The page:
A resolution is not expropriation

The Sangguniang Panglungsod of Mandaluyong City passed a resolution authorizing the city mayor to institute expropriation proceedings to develop a parcel of land for low-cost housing for the benefit of the less privileged but deserving constituents of the city. The landowner opposed and filed a petition for certiorari and prohibition. The Regional Trial Court ruled that the resolution is null and void because the landowner was not invited to the hearings on the resolution and thus denied their right to due process, and that the purpose for the expropriation was not for public use and the expropriation would not benefit the greater number of inhabitants.

Mandaluyong City appealed to the Court of Appeals. The CA reversed. The Supreme Court sustained the CA, on the following grounds: (a) the Sanguniang Panglungsod does not exercise judicial or quasi-judicial functions; and (b) the Local Government Code (RA 7160) requires the local government to issue an ordinance, not a resolution, in expropriation proceedings. Consequently, the remedies of certiorari and prohibition are both improper and unavailing.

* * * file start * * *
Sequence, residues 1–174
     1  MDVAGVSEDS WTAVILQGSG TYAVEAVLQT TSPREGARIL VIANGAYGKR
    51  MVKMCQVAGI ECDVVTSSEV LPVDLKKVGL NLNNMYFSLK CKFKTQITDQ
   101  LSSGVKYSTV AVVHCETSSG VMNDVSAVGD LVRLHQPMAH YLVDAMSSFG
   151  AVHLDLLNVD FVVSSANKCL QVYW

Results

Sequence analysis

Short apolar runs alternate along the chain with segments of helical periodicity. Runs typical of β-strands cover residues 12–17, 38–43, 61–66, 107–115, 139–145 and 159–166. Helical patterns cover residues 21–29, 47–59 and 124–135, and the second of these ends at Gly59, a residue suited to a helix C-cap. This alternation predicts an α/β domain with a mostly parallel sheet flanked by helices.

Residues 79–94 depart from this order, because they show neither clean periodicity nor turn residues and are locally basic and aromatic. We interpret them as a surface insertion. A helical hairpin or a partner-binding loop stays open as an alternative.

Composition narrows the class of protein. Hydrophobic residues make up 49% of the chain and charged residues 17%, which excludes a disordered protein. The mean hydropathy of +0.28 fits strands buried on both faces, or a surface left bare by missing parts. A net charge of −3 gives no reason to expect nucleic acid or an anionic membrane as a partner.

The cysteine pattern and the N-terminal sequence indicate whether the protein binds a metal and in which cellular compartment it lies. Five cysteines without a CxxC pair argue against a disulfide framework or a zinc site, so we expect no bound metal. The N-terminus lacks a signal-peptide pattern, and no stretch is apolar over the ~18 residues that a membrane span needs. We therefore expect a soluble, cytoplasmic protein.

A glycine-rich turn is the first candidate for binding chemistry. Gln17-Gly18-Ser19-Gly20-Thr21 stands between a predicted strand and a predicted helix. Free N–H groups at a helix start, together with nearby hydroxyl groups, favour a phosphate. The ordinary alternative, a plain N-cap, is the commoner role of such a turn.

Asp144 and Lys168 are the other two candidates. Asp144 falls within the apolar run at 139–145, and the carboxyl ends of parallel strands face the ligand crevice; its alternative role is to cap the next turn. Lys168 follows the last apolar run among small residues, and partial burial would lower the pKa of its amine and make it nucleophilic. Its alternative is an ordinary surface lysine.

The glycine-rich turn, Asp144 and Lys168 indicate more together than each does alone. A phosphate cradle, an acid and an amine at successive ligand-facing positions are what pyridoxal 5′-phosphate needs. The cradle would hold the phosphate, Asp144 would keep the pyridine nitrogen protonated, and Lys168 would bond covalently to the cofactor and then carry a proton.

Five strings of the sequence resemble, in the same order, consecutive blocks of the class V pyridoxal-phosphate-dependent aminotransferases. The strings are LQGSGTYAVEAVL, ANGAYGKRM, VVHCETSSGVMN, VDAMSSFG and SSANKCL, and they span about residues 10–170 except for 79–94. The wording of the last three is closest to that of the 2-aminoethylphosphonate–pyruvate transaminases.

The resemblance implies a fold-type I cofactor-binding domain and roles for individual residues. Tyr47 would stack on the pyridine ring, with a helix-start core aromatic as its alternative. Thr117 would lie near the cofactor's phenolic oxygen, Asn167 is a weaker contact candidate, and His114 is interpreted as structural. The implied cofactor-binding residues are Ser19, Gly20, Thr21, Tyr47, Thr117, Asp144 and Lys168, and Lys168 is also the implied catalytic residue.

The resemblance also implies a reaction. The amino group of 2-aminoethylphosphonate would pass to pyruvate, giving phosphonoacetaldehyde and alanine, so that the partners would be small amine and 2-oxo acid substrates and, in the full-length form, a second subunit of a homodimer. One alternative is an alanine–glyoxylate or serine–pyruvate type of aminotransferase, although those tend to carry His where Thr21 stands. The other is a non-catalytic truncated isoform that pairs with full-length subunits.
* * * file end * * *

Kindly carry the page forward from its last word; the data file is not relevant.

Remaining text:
Yusay v. CA, G.R. No. 156684, April 6, 2011, Third Division

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